Whew! That’s a lot of law enforcement to be directed for the past 42 years against people who like to get high on marijuana and other recreational drugs! And the whole apparatus was erected atop a foundation of outright lies and deliberate misrepresentations generated by the highest law enforcement agencies in the nation and backed by the armed forces of federal, state, county and local governments everywhere in the country.
Isn’t it time that we demobilized these armed forces of the War On Drugs and eliminated them from the law enforcement community? Isn’t it time for the emperor to go back in the dressing room and put some clothes on and come back out to confess his sins and begin to make reparations?
Here’s a tiny start: As I began work today I read an Associated Press dispatch from Sari Horwitz reporting that President Obama had just commuted the sentences of 95 drug offenders, saying they have "served their debt to society." Ms. Horwitz adds that “It is the third time this year that the president has used his unique clemency power to release federal drug offenders”—22 in March and another 46 in July.
But one in 100 adults is behind bars in America, according to the Coalition for Public Safety, and more than 33,000 federal drug prisoners have filed applications for clemency, A total of 163, or about ½ of 1% have been granted. That's not very many, but as Ms. Horwitz points out, “The latest round of clemencies come as lawmakers in Congress are debating several bipartisan bills to change sentencing laws.”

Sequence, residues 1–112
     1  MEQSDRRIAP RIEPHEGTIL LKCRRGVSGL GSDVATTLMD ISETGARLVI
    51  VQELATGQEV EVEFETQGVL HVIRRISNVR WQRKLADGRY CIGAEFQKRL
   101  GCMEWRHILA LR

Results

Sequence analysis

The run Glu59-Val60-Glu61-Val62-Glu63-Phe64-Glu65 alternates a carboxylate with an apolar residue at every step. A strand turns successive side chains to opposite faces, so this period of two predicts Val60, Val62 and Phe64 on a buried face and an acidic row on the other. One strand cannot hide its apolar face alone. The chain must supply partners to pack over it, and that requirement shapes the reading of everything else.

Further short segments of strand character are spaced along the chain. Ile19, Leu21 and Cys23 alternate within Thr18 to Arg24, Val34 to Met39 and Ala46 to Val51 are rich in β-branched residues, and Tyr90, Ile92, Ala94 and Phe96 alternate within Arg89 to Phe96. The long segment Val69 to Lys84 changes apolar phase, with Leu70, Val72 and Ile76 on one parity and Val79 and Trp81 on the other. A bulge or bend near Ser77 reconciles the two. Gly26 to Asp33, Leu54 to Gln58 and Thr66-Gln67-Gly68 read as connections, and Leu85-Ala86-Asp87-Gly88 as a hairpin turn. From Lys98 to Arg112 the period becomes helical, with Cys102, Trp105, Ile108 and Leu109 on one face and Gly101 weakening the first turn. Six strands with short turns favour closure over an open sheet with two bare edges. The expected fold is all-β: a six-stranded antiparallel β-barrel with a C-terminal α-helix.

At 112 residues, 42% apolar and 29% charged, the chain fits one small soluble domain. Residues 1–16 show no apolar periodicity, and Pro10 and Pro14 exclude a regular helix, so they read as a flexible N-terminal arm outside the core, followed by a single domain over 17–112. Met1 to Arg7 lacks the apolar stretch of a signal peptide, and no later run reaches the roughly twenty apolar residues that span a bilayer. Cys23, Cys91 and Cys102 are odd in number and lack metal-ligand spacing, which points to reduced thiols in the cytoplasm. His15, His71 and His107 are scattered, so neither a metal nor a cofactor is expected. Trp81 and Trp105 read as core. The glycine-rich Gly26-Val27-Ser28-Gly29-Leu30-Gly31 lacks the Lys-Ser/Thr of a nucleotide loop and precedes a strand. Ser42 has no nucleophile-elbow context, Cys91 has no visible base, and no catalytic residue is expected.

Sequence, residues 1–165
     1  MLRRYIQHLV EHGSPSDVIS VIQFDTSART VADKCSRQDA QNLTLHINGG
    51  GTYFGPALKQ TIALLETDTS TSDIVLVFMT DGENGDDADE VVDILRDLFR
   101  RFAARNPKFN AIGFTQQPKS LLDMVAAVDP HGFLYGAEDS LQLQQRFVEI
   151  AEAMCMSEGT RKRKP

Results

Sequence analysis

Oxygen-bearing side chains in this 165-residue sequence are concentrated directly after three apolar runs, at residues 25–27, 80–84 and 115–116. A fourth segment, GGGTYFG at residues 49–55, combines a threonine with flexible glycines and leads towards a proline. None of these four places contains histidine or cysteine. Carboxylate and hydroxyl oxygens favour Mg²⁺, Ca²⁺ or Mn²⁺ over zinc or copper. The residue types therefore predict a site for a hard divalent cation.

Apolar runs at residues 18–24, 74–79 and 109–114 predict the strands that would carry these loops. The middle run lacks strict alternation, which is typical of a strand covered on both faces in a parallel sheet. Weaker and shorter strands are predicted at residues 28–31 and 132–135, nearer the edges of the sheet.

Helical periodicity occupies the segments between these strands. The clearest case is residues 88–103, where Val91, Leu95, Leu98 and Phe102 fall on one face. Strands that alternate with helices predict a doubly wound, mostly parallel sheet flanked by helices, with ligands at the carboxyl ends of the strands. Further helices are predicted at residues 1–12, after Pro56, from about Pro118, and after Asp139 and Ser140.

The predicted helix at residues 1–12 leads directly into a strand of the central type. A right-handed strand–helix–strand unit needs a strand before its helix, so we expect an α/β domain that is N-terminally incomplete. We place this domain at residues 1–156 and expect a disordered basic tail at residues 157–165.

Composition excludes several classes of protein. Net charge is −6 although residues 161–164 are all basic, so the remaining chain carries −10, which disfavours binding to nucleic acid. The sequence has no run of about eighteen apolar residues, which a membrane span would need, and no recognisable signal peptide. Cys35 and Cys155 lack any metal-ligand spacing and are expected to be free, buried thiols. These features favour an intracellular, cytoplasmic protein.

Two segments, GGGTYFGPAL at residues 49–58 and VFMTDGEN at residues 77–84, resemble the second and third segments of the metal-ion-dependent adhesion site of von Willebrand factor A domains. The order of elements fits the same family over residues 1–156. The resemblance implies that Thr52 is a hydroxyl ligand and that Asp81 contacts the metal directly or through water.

Another positive sign popped up, as reported by NORML, in the depths of the Omnibus Spending Bill recently passed by Congress that includes provisions which will continue to limit the federal government from taking punitive action against state-licensed individuals or operations that are acting are in full compliance with the medical marijuana laws of their states. To wit: "None of the funds made available in this act to the Department of Justice may be used ... to prevent ... states ... from implementing their own state laws that authorize the use, distribution, possession, or cultivation of medical marijuana."
Unhappily, Senate-backed amendments seeking to permit military veterans access to medical cannabis and to permit state-licensed marijuana business greater access to banking services were not included in the final version of the spending bill. An unexpected breath of fresh air came last month from the venerable Detroit News, which editorialized as follows under the headline Protect Access to Medical Marijuana:
“The Senate failed to pass legislation again this year that would legalize non-smokable forms of marijuana under the state’s medical pot program. That means nearly 180,000 medical marijuana patients in Michigan remain in limbo, as do their caregivers and suppliers. It’s unfair to patients working within the law, adopted by a 2008 ballot initiative, to continue withholding safe access to their legal medicine. The Legislature must legalize edible, topical and other forms of the drug, and approve a regulatory structure in which the industry can operate…. It’s unfair to declare medical marijuana legal, but then not provide the regulatory framework to assure that patients and their caregivers don’t become accidental criminals.”
Somebody say Amen! Free The Weed!.
December 17-19, 2015
© 2016 John Sinclair. All Rights Reserved.